xxxHolic (TV)

Adaptation is one of the most imperfect arts there is. Do you make a copy, or does that make  your work a pointless duplicate? What do you change? How do you change it and still capture its essence? Do you want to capture its essence or do you want to do something else? Will doing something else get you burned at the stake? Caught somewhere in the middle of all of this is xxxHolic, an animated retelling of Clamp's famous manga that is stilted in many ways, most notably its attempts to grab a wider anime audience while still attempting to keep its gothic-horror-style-meets-Japanese-horror-mythology that was so pronounced on paper.

It is even more curious given the director is Tsutomu Mizushima. He's a somewhat big name now with Shirobako being a critical and audience hit, but he is better equated here as being the director of Blood-C, a devious concoction of super cute Clamp designs and extremely gruesome violence. The response was divided, but it at least showed he could mix styles that were normally toxic with horror and strike a chord with the audience. xxxHolic is extremely safe, going so far as to take cautionary tales inspired by "The Monkey's Paw" and softening their caution save for an episode that's a complete on-the-nose reference.

Perhaps it would be most fair to explain my history with the title. I was never a big manga collector for the longest time and xxxHolic was the first one I really made an effort to grab right when the latest volumes were off the presses. Well, at least when it looked like the story was going somewhere. The art was amazing, the supernatural one-offs were effective, and it had a growing cast of enjoyable characters (or at least ones that distracted from the main character having the exact same conversations ad nauseam). When the adaptation was announced, I had my vision of what it should be like, and this wasn't it save perhaps the opening. From the first spirit's appearance that seemed too colorful and CG to Yuko's Japanese voice actress not having a deep or mysterious enough voice, it didn't feel right. I think nine years is long enough to wipe the slate clean. Even so, while I certainly don't have the extremely picky concerns of my younger years (Shut up, younger me. Sayaka Ohara is fine as Yuko), it still feels lacking.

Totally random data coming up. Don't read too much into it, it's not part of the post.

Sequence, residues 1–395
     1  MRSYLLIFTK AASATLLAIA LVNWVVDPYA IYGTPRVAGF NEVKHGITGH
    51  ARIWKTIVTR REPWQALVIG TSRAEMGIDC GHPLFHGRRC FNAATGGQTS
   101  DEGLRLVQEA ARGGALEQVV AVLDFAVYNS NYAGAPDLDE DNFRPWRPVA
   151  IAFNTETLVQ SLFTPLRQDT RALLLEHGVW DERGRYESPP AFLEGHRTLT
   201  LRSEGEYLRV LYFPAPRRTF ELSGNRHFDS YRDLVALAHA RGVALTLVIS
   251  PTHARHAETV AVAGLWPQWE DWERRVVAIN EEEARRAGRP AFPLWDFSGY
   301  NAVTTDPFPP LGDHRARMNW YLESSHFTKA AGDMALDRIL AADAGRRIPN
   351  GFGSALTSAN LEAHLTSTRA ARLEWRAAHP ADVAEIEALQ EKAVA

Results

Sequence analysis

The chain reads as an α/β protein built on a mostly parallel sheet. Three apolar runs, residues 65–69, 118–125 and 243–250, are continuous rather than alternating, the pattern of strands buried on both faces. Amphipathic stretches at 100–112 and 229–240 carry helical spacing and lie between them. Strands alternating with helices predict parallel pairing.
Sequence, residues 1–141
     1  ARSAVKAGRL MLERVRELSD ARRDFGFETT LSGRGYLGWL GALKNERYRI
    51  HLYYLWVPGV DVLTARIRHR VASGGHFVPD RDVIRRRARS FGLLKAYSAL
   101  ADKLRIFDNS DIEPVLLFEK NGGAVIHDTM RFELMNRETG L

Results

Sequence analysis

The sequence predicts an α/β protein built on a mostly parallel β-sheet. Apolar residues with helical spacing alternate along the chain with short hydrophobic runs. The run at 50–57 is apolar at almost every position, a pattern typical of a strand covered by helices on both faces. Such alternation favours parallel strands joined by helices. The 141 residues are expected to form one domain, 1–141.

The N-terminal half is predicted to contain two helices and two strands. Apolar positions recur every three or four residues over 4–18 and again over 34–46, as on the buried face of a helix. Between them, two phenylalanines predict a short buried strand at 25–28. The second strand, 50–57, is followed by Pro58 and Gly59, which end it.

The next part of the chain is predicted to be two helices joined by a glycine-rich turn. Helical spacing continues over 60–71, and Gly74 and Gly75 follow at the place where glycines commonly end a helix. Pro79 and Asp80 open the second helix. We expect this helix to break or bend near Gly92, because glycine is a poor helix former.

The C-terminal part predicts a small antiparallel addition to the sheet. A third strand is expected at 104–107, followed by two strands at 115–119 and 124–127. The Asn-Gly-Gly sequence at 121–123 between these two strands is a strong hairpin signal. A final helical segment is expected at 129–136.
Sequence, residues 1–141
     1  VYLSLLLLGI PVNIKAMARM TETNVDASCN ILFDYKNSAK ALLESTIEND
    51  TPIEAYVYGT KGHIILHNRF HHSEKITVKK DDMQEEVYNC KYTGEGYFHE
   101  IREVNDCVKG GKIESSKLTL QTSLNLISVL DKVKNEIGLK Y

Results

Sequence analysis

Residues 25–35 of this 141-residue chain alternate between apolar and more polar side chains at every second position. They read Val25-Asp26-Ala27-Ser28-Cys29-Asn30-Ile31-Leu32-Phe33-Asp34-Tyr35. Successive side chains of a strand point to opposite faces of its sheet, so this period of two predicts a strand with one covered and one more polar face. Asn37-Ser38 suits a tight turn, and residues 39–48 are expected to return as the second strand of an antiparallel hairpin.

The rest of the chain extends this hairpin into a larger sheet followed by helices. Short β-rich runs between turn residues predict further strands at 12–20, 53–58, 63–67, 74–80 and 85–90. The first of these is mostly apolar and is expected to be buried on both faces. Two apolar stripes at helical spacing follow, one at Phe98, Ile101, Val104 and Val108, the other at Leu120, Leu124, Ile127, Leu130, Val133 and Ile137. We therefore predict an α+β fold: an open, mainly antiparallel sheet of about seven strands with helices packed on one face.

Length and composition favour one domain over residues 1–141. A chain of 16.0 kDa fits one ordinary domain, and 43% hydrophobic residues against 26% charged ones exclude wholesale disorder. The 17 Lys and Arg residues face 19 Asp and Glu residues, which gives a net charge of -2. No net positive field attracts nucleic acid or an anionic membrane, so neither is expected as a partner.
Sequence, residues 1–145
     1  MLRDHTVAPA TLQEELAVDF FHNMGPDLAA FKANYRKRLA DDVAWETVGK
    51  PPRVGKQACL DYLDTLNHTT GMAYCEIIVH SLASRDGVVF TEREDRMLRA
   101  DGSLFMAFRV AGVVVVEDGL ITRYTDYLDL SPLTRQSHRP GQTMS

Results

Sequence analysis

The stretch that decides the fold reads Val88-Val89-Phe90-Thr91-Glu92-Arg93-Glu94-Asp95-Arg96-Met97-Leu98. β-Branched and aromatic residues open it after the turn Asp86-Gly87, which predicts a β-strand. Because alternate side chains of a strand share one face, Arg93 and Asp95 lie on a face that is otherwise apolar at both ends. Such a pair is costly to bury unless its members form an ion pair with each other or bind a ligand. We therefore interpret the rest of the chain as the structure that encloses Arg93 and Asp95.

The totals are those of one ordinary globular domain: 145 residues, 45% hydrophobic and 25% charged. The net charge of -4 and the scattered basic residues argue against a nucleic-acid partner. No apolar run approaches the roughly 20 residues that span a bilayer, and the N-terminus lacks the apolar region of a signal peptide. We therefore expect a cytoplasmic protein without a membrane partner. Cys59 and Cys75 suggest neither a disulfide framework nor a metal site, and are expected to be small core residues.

Kimihiro Watanuki has not been blessed with good fortune. His parents died in an accident and he can see spirits both good and evil. The awful ones are constantly drawn to him because he smells particularly delicious. This makes even walking home from school a frightening prospect. During one afternoon's flight from a nasty spirit, he finds himself at the shop of Yuko Ichihara. She doesn't sell anything, but rather grants wishes. The only strings attached is she doesn't kill anyone and proper compensation must be made depending on how difficult the wish is. His wish is to no longer see or interact with the spirit world, and his price is working for Yuko until he has worked enough that it compensates the cost. Unfortunately, Yuko is a witch who handles all sorts of deals across the spiritual world and is also a raging alcoholic who loves parties and gatherings with her assistants Marudashi and Morodashi (Their full names stand for showing off your naughty bits public, so just call them Maru and Moro) as well as tiny, cute creature Mokona. With Watanuki as their errand boy, his job features many dangerous brushes with spirit world plus cooking and purchasing nightly hangover cures.

Watanuki has a few acquaintances in high school who tag along on his jobs. Himawari is a cute classmate he's smitten with that Yuko insists will only lead to his misfortune. Doumeki is the son a shrine priest who can't see spirits, but can eliminate them with his bow if pointed in the right direction. They have a dynamic in which Watanuki swoons over Himawari endlessly, Doumeki solemnly calls Watanuki an idiot, and Watanuki gets angry and fumes endlessly even as Doumeki will have saved him dozens of times throughout the course of the series. At one point, Doumeki sits ten hours in the rain to give Watanuki a proper exit from the spirit world when he gets trapped there, and Watanuki can't even bring himself to say thank you. Get used to this because this is xxxHolic's main comedic schtick besides Yuko's boozing.

The episodes are usually divided into two separate categories: The cautionary tales and the stories expanding the spiritual world. By far the better ones are the episodes expanding the universe. Besides having more characters that actually develop as time goes on, the anime takes a much softer view of the world than the manga and it doesn't quite fit. The plots are built off supernatural tales and short stories about human ego and obsession. In the title xxxHolic, the first three letters are silent and it's simply pronounced "holic," meaning the three x's stand for (blank)holic. It's about people becoming obsessive or addictive with whatever and the dark paths it leads them on (Oddly enough, one of the central characters trying to assist them is an alcoholic themselves). These stories as they are in the manga are meant to play off the more macabre short stories by Edgar Allen Poe and his ilk, and the anime either makes the works more consumable by putting a little more light at the end of the tunnel or makes the outcome more ambiguous.